To incentivise capital inflows from investors, the HMRC allows certain tax concessions. You can now invest up to £1m each tax year into the investment Company. Income tax relief of 30% is available at the launch of new VCT shares or when a VCT raises new money (income tax relief cannot exceed your income tax liability).
There is no tax to pay on dividend income (however the 10% tax credit cannot be reclaimed) and nil tax on capital gains if held for at least 5 years. If you sell or otherwise dispose of the VCT shares within 5 years; relief is withdrawn and an income tax charge will apply.
VCTs are high risk investments and there may be no market for the shares should investor wish to dispose of them. An investor could lose their capital.
Enterprise Investment Schemes (EIS)
Similar to VCTs, EIS were introduced to encourage individuals to invest in small unlisted Companies (Gross assets before subscription < £15m). EIS employ a professional fund manager to pool the monies and invest into a range of Companies that require capital for start up or expansion.
Investors receive Shares in a Company.
You can now invest up to £1m each tax year into qualifying shares in EIS. Income tax relief of 30% is available on the investment amount is available at the launch of newly issued shares. There is no tax to pay on capital gains if held for at least 3 years. If you sell or otherwise dispose of the EIS shares within 3 years; relief is withdrawn and an income tax charge will apply.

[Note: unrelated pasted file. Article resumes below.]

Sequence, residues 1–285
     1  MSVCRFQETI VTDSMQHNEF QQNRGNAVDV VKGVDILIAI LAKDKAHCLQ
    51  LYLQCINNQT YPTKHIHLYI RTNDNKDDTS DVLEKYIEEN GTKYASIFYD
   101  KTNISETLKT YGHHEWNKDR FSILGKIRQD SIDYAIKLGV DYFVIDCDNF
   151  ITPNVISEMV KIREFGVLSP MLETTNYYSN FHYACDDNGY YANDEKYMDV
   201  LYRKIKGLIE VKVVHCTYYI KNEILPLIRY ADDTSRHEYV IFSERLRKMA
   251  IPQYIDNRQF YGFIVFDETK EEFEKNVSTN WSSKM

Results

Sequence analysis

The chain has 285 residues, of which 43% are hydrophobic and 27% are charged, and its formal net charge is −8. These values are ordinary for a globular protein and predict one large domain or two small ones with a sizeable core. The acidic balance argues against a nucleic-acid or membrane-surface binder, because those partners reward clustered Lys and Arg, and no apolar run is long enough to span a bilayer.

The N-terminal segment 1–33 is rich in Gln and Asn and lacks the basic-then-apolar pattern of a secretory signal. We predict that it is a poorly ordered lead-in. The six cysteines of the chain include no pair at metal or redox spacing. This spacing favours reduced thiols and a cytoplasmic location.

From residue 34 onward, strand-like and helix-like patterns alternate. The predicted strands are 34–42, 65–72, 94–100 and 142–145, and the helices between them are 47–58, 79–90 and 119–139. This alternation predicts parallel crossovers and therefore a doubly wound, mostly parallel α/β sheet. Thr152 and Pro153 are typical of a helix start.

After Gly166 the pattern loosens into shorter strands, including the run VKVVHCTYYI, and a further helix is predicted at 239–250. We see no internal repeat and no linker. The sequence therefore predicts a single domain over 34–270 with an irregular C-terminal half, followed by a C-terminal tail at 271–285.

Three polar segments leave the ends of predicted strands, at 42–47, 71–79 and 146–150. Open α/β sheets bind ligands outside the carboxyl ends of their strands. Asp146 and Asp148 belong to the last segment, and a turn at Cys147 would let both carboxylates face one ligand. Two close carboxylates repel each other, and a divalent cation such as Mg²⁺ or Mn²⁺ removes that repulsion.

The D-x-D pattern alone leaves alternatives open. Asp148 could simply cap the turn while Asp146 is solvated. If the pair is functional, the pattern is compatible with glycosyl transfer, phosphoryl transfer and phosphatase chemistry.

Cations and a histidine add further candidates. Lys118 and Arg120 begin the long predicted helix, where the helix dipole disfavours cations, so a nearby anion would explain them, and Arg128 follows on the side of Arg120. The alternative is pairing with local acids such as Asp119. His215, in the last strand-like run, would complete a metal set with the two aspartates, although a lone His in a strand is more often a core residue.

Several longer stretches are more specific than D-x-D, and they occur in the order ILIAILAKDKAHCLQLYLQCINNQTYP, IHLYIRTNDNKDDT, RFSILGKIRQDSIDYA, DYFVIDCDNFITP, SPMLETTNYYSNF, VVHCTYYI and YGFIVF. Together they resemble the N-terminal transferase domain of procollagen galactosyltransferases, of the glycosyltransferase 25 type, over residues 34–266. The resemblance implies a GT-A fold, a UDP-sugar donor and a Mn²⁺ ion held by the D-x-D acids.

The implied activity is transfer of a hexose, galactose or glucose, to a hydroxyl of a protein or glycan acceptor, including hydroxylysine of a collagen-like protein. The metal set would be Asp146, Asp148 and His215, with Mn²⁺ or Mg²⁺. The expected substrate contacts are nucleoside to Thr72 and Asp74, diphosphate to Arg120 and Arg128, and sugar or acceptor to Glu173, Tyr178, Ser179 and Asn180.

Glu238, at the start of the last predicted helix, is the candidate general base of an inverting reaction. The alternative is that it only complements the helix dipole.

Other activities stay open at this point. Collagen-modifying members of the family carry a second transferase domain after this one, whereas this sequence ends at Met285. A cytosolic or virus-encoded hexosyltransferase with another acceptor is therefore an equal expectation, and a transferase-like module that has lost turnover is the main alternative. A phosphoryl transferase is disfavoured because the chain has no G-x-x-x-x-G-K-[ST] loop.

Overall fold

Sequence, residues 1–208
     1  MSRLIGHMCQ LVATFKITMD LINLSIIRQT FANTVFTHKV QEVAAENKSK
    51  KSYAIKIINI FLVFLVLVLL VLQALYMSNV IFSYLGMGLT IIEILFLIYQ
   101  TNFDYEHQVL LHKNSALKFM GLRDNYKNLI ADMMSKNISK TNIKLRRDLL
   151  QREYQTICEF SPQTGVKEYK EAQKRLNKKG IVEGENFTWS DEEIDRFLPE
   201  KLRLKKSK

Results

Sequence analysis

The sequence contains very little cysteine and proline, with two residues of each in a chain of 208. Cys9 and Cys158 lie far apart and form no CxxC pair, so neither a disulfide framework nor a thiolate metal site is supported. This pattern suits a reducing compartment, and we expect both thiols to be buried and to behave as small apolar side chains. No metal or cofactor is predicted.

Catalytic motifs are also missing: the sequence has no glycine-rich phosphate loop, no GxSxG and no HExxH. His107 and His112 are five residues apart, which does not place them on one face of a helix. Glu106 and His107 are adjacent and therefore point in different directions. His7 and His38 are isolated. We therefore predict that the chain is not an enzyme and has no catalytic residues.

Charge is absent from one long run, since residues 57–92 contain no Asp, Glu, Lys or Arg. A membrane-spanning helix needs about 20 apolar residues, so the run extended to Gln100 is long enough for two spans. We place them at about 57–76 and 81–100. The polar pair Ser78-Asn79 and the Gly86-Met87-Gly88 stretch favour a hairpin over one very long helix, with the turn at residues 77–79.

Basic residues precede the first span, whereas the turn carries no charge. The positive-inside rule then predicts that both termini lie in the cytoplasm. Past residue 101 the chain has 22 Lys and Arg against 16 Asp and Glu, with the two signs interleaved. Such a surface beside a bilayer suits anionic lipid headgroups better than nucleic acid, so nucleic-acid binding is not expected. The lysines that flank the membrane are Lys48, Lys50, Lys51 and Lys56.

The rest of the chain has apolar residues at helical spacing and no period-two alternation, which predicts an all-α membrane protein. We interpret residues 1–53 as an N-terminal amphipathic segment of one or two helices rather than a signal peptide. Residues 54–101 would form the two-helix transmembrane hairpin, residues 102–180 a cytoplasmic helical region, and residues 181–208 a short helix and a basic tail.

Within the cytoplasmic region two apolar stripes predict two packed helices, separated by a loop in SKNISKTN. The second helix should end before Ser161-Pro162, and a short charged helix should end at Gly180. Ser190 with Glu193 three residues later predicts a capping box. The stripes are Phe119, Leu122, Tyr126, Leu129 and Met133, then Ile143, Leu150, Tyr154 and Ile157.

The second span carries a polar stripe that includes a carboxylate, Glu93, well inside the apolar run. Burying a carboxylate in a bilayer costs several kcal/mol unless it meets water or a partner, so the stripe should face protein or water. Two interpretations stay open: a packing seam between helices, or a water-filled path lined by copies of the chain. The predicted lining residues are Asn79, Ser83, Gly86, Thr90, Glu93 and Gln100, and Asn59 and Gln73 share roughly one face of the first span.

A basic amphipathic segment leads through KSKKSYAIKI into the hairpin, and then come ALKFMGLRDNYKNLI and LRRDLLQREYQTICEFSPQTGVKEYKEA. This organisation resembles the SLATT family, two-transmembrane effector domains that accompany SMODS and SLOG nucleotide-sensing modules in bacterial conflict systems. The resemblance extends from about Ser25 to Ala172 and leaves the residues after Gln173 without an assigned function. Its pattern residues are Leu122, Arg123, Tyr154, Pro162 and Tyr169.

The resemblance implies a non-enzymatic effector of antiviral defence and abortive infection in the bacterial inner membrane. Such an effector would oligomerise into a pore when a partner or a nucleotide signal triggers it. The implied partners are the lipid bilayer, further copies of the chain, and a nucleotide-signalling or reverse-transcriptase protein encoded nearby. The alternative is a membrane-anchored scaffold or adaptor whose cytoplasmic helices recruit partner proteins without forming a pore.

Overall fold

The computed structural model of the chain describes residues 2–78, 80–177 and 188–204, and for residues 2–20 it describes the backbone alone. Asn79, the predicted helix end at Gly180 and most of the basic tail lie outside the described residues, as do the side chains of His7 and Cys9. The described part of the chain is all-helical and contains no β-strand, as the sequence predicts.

You may also defer capital gains on other assets until such time you sell the EIS shares.
If the shares are disposed of at a loss, you can elect that the amount of the loss, (less Income Tax relief given) can be set against income of the year in which they were disposed of, or any income of the previous year, instead of being set off against any capital gains.
EIS are also eligible for Business Property relief and are therefore inheritance tax free if held for at least 2 years.
SEED Enterprise Investment Schemes (SEIS)
SEISs were announced in the 2011 Budget and form part of the Finance Bill 2012 as a tax advantaged venture capital scheme for higher risk start-up Companies. Investors receive Shares in a Company.
Individual investors can claim up to 50% income tax relief up to a maximum annual investment of £100,000. The increased tax relief (compared to EIS) is offered due to the increased risks as the qualifying Companies are smaller (assets less than £200,000 and have been trading for a less than two years).
There is no tax to pay on gains if held for at least 3 years. If you sell or otherwise dispose of the SEIS shares within 3 years; relief is withdrawn and an income tax charge will apply.
Capital Gains reinvestment relief is also available if you reinvest part or all of chargeable gains in a tax year into SEIS although this still forms part of the maximum £100,000 annual contribution limit.
SEIS are also eligible for Business Property relief and are therefore inheritance tax free if held for at least 2 years.
Enterprise Investment Schemes (EISs) and Seed Enterprise Investment Schemes (SEIS) are very high-risk investments. An EIS/SEIS investment is usually concentrated in one single unquoted trading company. Often there is no market for the shares and it may therefore be very difficult to make a disposal. There is a strong possibility of the chosen company failing.